The Wayward West

  For the first time in its history, the U.S. Forest Service admits it has lost money on national forest timber sales. Losses amounted to $14.7 million for fiscal year 1996. The agency says the shortfall comes mostly from rehabilitation projects such as forest thinning and stream restoration, while commercial logging operations continue to profit.

Utah has moved closer to confrontation with federal officials over storing nuclear waste on the Goshute Indian Reservation (HCN, 9/1/97). State road commissioners voted Dec. 4 to assume control of a county road into the reservation. They took their cue from Gov. Mike Leavitt, who opposes nuclear waste storage in the state. Leavitt says he'll use the state's control of the road to block waste shipments.

The U.S. Forest Service has removed an obstacle to Vail's plans to start clearing forest for ski runs and new lifts under a new 4,000-acre expansion. The agency has rejected an appeal by environmental groups aimed at protecting habitat for the lynx, a wildcat last seen in Colorado in 1974 (HCN, 11/24/97). Vail needs Eagle County's approval before it starts building chairlifts and other structures.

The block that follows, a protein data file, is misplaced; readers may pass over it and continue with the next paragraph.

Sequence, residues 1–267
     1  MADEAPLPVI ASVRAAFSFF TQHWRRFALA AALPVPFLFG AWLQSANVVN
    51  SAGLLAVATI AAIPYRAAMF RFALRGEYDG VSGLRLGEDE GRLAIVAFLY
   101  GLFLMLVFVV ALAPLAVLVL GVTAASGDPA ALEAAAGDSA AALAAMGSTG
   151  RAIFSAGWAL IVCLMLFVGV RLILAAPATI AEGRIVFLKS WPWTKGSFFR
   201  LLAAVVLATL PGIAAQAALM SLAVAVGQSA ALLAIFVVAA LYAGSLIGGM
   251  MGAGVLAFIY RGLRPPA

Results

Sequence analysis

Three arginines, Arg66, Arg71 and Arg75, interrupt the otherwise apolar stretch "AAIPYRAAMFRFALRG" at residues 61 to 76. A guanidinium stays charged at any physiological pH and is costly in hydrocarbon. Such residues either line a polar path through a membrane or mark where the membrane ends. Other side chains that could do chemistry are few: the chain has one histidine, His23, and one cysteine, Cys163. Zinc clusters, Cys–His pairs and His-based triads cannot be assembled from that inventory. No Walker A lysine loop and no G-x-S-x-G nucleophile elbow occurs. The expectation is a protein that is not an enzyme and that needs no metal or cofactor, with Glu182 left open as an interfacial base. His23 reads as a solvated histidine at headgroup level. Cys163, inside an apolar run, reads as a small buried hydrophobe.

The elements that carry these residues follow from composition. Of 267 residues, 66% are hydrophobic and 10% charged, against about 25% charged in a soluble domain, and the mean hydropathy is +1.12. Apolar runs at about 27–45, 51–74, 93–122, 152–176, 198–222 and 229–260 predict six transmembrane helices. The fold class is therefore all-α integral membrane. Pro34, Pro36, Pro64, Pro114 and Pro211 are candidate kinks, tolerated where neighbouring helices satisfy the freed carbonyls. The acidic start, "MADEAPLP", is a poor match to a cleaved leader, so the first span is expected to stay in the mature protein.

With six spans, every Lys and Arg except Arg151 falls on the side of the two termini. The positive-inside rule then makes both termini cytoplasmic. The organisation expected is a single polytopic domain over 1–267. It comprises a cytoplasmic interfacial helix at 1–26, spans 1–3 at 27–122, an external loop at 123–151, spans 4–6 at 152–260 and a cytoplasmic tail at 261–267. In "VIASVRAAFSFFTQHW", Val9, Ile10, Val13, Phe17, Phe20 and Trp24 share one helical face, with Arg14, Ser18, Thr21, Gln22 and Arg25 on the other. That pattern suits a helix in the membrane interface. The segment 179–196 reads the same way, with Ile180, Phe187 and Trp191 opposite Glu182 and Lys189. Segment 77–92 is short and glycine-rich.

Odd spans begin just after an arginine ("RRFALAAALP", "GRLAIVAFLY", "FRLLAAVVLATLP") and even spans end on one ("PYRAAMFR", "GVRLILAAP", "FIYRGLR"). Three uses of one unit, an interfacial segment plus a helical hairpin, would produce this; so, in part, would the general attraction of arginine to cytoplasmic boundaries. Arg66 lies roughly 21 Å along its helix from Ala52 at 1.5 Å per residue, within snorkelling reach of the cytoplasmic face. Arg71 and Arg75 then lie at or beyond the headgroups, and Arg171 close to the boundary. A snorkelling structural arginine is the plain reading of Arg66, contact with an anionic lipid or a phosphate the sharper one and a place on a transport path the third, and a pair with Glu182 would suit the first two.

Using his line-item veto, President Clinton killed a $4.26 billion transfer of federal mineral rights to the state of Montana. Montana Sen. Conrad Burns and Rep. Rick Hill, both Republicans, saw the transfer as a payback for the federal buyout of a proposed mine outside Yellowstone National Park (HCN, 11/24/97). The Clinton administration said it would set "a costly, and potentially environmentally harmful, precedent."

To protect Atlantic salmon, federal officials have ordered the removal of Maine's Edwards Dam, the first time the Federal Energy Regulatory Commission has denied a dam license renewal application. What dam in the West may be next? The Condit Dam on Washington state's White Salmon River could go (HCN, 3/22/93), say officials at American Rivers, a Washington, D.C.-based environmental group. Federal studies show that taking out Condit Dam would be cheaper than building fish passages. A decision is a year or two away.

Ted Turner, an admirer of the wild nature of bison, owns 15,000 bison on ranches across the West. Now he sees a business opportunity. Turner appointed his son Teddy to head his U.S. Bison Co. to explore market possibilities for the herd. "If you really want to bring something back," Ted Turner told the Associated Press, "you have to make it pay."

- Peter Chilson

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